A recent move by the largest U.S. pharmacy benefit manager (PBM) to exclude a generic insulin from its formulary illustrates just how daunting it may be to bring down the price of insulin through individual moves by pharmaceutical companies and insurance benefit providers.
On April 26th, 2019, Axios healthcare reporter Bob Herman tweeted that Express Scripts has excluded Lilly’s generic form of Humalog, called insulin lispro, from its most recent formulary. Instead, Express Scripts offers Humalog, which has a list price that is more than twice as high ($265.20) as that of insulin lispro ($137.35). Chemically speaking, the two insulins are identical.
Express Scripts, purchased by health insurance behemoth Cigna for $54 billion last year, controls about 24% of the PBM market.
The move likely will prove a financial boon for both Express Scripts and Lilly, although it is impossible to know exactly how much each side will benefit, since deals on discounts between PBMs and pharmaceutical companies are not publicly disclosed. PBMs receive a percentage of the difference between a drug’s list price and its negotiated price. On the pharmaceutical side, Lilly may very well have negotiated an ultimate price point for Humalog’s inclusion on the formulary that is higher than the list price of its insulin lispro.
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PBMs moving to cap some, but not all, of out-of-pocket costs
Adding to the complexity of this recent move is the fact that Express Scripts announced that it would cap out-of-pocket costs for insulin for customers whose employers opt into a program with the PBM. If Express Scripts had pledged to cap costs, it would seemingly be counterproductive to their bottom line to exclude a lower-priced insulin. It’s still unclear, however, how many of Express Scripts customers will ultimately be covered by the $25 pledge.
The move also seems to contradict some of the rhetoric on insulin prices from Express Scripts officials who blame pharmaceutical companies for the insulin pricing crisis. In a 2016 Philly.com feature on insulin prices, Express Scripts chief medical officer Steve Miller said that the yearly price increases for the list price of insulin have been “extravagant” and a symptom of a broken “social contract” between healthcare providers and patients. At the time, Mr. Miller portrayed Express Scripts as part of the solution, not part of the problem.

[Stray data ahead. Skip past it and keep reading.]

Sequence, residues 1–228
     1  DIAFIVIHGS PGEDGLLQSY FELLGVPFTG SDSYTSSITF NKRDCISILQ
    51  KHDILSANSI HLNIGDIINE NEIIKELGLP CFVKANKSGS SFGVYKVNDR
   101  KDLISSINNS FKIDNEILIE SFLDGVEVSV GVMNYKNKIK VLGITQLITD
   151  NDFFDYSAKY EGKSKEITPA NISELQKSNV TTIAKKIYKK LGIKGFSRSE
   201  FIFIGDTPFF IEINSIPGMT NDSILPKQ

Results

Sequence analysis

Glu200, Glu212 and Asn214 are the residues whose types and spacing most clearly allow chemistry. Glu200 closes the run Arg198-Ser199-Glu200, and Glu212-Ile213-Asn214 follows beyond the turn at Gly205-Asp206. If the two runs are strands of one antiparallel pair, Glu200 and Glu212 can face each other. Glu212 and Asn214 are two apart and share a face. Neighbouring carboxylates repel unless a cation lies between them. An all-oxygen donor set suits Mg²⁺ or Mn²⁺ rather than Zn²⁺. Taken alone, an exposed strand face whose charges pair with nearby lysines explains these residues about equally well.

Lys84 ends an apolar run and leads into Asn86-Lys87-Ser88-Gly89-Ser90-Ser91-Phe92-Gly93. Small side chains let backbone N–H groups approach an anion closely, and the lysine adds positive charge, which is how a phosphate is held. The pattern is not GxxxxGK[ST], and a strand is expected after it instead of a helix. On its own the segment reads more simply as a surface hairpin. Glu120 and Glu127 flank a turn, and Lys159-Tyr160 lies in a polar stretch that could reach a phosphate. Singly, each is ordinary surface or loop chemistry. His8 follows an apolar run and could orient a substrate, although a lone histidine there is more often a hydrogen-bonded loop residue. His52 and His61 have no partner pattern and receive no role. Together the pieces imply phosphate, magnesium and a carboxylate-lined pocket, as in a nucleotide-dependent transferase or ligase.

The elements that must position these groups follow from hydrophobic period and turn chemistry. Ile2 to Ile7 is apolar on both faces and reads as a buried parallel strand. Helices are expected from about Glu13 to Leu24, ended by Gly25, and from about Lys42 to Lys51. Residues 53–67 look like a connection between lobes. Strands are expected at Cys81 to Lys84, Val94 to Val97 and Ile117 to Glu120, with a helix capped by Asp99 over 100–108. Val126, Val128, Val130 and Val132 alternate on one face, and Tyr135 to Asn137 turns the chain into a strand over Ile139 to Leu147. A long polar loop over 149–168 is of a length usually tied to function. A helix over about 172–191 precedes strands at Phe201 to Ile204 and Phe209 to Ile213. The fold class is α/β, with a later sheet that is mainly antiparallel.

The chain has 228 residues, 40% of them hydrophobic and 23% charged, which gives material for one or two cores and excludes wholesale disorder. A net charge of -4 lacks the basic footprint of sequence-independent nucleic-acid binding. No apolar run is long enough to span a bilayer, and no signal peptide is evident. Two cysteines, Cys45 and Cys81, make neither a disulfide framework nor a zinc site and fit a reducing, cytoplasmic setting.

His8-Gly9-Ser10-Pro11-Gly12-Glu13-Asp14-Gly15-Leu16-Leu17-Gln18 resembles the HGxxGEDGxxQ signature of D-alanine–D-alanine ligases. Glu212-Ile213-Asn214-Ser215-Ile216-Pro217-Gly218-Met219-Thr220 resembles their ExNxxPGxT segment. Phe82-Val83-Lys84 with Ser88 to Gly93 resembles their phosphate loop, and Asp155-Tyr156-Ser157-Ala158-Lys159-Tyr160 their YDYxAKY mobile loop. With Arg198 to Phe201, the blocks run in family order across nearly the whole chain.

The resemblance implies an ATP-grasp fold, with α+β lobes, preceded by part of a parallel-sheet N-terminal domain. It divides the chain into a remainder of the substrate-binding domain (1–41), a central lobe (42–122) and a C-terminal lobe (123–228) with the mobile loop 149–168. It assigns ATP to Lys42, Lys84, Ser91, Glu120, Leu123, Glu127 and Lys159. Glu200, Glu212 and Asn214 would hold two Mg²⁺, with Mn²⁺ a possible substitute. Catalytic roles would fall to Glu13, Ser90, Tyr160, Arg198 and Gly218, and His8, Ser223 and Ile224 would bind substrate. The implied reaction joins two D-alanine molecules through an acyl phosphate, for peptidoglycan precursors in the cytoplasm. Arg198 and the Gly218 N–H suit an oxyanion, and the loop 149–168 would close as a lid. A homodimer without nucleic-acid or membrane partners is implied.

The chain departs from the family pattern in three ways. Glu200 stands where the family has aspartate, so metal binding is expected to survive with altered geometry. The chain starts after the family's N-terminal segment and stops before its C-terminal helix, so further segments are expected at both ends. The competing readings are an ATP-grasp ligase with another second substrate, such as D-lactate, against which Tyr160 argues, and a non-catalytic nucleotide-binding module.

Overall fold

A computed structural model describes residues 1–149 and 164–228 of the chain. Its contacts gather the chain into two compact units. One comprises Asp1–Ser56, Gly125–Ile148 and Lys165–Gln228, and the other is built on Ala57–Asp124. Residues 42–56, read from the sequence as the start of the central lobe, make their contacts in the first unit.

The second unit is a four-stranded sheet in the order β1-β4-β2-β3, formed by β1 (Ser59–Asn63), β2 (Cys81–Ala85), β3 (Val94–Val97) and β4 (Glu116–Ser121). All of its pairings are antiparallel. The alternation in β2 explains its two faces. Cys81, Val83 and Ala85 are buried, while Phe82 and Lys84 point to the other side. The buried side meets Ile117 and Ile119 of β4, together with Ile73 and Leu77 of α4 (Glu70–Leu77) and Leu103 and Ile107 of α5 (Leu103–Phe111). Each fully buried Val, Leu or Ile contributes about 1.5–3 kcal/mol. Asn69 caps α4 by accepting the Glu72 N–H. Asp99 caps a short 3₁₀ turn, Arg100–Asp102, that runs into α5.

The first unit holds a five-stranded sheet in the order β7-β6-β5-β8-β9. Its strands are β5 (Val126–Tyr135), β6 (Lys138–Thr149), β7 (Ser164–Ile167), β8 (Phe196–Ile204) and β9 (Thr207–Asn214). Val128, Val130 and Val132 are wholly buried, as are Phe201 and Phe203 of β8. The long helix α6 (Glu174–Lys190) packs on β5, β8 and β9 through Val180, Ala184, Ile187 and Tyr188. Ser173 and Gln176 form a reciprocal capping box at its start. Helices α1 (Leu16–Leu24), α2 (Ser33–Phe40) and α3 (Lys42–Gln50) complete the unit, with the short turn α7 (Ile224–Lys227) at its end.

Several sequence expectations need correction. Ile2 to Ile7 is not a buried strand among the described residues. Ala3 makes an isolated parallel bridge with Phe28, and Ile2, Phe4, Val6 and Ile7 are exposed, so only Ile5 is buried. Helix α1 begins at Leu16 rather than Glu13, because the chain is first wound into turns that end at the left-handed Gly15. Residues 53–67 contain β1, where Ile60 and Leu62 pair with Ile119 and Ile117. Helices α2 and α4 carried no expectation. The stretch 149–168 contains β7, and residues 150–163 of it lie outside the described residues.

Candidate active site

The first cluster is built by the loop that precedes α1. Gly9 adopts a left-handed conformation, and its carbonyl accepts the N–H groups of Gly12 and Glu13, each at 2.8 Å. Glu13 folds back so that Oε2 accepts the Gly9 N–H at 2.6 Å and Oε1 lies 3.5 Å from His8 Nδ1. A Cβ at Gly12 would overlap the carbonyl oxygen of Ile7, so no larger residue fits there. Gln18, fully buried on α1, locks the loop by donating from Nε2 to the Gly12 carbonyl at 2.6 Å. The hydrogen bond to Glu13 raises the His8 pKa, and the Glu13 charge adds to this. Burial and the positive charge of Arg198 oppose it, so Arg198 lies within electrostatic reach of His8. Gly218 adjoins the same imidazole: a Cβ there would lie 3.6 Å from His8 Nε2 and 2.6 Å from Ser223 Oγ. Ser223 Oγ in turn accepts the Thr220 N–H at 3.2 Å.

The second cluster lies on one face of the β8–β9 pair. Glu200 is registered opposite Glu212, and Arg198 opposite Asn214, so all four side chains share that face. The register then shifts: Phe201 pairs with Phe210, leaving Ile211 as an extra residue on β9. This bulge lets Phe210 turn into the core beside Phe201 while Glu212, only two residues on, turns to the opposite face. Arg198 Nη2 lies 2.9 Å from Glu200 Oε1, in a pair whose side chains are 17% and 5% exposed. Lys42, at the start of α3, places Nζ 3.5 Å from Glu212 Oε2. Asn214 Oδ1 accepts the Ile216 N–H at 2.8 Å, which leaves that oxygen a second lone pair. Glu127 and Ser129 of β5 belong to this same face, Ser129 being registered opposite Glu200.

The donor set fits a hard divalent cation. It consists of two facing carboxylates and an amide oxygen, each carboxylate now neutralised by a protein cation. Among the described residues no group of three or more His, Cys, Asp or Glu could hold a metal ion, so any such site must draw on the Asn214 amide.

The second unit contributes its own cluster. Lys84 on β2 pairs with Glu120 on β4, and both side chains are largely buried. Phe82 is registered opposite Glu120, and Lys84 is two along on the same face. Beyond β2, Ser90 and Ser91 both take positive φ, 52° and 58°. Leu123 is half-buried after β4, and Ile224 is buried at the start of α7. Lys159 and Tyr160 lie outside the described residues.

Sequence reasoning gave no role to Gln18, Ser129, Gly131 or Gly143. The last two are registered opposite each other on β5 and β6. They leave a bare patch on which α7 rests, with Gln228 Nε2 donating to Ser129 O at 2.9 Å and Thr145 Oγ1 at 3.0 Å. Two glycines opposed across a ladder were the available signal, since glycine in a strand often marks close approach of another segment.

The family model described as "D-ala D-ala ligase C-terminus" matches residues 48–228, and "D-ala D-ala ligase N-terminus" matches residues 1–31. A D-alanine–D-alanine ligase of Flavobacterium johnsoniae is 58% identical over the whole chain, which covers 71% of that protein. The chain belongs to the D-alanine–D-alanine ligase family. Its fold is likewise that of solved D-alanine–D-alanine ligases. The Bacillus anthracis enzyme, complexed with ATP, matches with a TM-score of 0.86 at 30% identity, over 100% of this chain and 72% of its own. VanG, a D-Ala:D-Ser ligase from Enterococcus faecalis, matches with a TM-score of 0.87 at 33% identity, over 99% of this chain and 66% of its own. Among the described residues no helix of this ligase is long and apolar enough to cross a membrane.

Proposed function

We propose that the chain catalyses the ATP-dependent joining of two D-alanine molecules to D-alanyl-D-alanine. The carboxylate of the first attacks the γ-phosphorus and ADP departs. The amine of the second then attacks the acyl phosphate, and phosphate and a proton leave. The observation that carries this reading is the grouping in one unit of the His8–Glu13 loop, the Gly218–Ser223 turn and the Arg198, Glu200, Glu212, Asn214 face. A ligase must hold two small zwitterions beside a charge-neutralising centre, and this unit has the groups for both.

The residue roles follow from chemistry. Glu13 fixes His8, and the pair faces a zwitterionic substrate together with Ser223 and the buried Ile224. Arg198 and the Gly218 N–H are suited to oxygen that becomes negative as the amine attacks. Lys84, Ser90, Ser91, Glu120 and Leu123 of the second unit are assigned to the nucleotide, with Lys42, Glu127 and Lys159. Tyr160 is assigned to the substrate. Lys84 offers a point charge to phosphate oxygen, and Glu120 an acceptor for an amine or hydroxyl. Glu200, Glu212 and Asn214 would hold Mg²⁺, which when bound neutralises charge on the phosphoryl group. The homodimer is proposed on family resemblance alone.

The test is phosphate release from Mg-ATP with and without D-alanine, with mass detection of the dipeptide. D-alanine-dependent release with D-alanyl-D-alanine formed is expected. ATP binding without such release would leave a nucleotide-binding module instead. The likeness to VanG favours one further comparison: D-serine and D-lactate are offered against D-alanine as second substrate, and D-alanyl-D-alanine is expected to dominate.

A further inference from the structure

“If not for Express Scripts using market forces to fight this, it would be worse,” Miller said in the article.
Public testimonials and market goals at odds
Express Scripts’ decision to exclude insulin lispro also runs counter to the company’s rhetoric during recent congressional hearings on rising insulin prices. In an opening written statement before a recent hearing, Express Scripts senior vice president Amy Bricker listed more FDA approvals of low-priced generic insulin as the first solution to the insulin pricing crisis. Her testimony also highlighted two Express Scripts programs that encouraged the substitution of generic drugs for more-expensive brand-name drugs. Generics, Ms. Bricker suggests, represent a big part of the solution to the pricing crisis.
In that statement, Bricker mentions that drug companies do not often offer rebates for generic drugs, and perhaps this is the reason that Express Scripts chose to exclude insulin lispro. Lilly may have chosen not to offer Express Scripts a rebate for insulin lispro. If so, and if Lilly opts not to offer rebates for insulin lispro to the other major PBMs, it could severely limit the impact that the release of the generic could have on overall list prices for insulin. Insulin lispro would then remain largely an insulin for the uninsured or the underinsured.
Ultimately, though, we don’t know what market forces were at play in Express Scripts’ decision to exclude insulin lispro. That’s because, unlike Express Scripts’ announcement of the $25 cap and Lilly’s announcement of the release of insulin lispro, this decision was made with no fanfare and was only mentioned in an Express Scripts PDF.
Such quiet, and complicated, moves to exclude lower-priced insulin add to the argument of healthcare reform advocates that initiatives of individual companies will do little to bring down insulin prices,and that only systematic change can achieve that goal.